One of the very first modern roadsters: Joaquin and his 62’ Lotus Elan S2
While I was in Barcelona, I had the chance to meet Joaquin and his amazing car. He brought me to the family’s garage to show me the impressive collection they have which is where I discovered one of the very first modern roadsters, the Lotus Elan. It was my very first time driving and photographing this car, for me it’s a car that brings a lot of joy to all speed lovers. The Elan is a very good example of what Japanese engineers and designers used as an inspiration to create one of the most successful roadsters in history: the Mazda MX-5. Because of that, it’s clear that the design of the Elan is absolutely timeless.
To share a bit of the history of the Elan, I asked Joaquin some questions about his car. I hope you enjoy the interview.
Tell me about you.
My name is Joaquín Cumellas, I’m from Barcelona, Spain and I was born in 1997. By that time, my uncle was racing the Dakar Rally finishing third in motorbikes and now he has built Silence, the biggest factory of electric motorcycles in Spain where I’m working at the moment.
How did you first become interested in cars?
Cars have been part of my life since I was born. My family had been collecting cars since my grandfather was member number 007 of the 365 Porsche Club Spain, by that time he also had an Aston Martin DB4 that he unfortunately sold many years ago.
It’s a family car that is part of a private collection, right?
Right, my father’s first car was an MGB from 1965 – a car that we still have. He had always liked English cars so when he found this Lotus even knowing that it wasn’t working really well he decided to buy it.
What condition was the car in when your family bought it?
At the beginning the car had many issues, in fact, it stood in the barn of the family farm for some years until the death of my grandfather, when my dad decided to rebuild the engine with a big valve preparation and bring the Lotus back to life.
What’s your favorite detail or what do you love most about the Elan?
What I like most about the Elan is its weight, which doesn’t even reach 600 kilos, and when you drive the car it feels like a bourgeois kart. My favorite detail of the car is undoubtedly the small plaque that it has on the side of the co-pilot. With its two Laurel Crowns it commemorates the World Championships of Formula One won by Lotus in 1963 and 1965 with Jim Clark behind the wheel of his Lotus 25.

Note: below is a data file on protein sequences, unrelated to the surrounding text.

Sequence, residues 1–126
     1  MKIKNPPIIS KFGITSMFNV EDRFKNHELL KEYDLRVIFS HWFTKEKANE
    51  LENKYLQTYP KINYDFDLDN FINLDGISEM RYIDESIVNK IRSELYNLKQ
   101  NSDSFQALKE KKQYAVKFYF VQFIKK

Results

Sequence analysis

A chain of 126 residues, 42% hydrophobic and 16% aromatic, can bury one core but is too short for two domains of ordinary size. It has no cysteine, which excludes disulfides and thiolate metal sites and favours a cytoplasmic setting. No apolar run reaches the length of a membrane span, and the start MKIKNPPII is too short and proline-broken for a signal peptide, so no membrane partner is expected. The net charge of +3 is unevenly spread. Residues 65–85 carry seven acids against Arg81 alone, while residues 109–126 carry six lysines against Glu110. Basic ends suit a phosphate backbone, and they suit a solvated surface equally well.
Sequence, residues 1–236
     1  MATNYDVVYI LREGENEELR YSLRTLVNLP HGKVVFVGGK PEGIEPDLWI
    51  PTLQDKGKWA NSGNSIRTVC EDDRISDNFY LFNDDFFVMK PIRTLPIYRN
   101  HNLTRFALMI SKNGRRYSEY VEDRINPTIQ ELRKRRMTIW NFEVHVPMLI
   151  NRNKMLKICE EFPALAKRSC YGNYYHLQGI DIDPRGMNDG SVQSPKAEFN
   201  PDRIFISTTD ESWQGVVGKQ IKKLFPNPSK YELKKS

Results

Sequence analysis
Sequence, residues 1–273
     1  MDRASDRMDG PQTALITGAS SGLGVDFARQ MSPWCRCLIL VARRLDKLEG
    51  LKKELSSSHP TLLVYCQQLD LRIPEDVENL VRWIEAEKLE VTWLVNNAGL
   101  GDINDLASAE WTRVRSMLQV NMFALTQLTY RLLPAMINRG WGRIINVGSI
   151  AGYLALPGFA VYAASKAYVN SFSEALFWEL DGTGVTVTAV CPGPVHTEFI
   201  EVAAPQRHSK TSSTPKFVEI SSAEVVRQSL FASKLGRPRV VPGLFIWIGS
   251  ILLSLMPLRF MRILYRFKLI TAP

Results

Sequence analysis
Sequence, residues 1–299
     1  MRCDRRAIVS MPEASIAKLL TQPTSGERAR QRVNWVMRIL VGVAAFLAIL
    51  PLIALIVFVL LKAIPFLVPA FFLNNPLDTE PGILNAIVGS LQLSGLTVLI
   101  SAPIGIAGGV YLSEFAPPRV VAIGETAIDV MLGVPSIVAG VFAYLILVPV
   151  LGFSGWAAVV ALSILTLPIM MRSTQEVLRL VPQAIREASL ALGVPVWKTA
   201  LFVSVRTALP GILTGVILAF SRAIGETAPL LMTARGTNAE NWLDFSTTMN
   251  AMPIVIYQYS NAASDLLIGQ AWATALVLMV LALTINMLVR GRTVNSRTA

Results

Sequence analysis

For me, the green stripe gives a really nice touch aesthetic-wise, what was the idea behind that, or does it come like that from the factory?
The truth is, I don’t know if it came out from the Factory like this, but I agree with you a lot, it gives the car a racing look just like the Lotus 25 but in inverted colors.
Is there any other classic you would like to have?
Nowadays, my daily car is a beautifully conserved Mazda MX-5 NA form 1996 also known as Miata. The Miata has always been considered a future classic, but in fact, next year will be its 25th anniversary and so it will officially become a classic. And to top it off, the car that the Japanese designers relied on to find the best-selling sports car in history was the Lotus Elan.
In response to your question, I would be very happy if I still have my Miata next year to be able to proudly say that my daily car is a classic.
Tell me about your project.
My project is called Escuderia Barcelona. Our mission is to attract all those young lovers of classic cars that feel like they don’t fit into the events and this classic stuff because of their age.
At least that was my point of view every time I went to any meeting, parade, rally or concourse. I felt like the only child messing around until I grew a bit and met some other young fanatics like me.
It was at that moment when three of us decided to create this project with the purpose to gather a group of young people with whom to take our classics for a drive and to attend events of the classic motor world surrounded by a youthful atmosphere.
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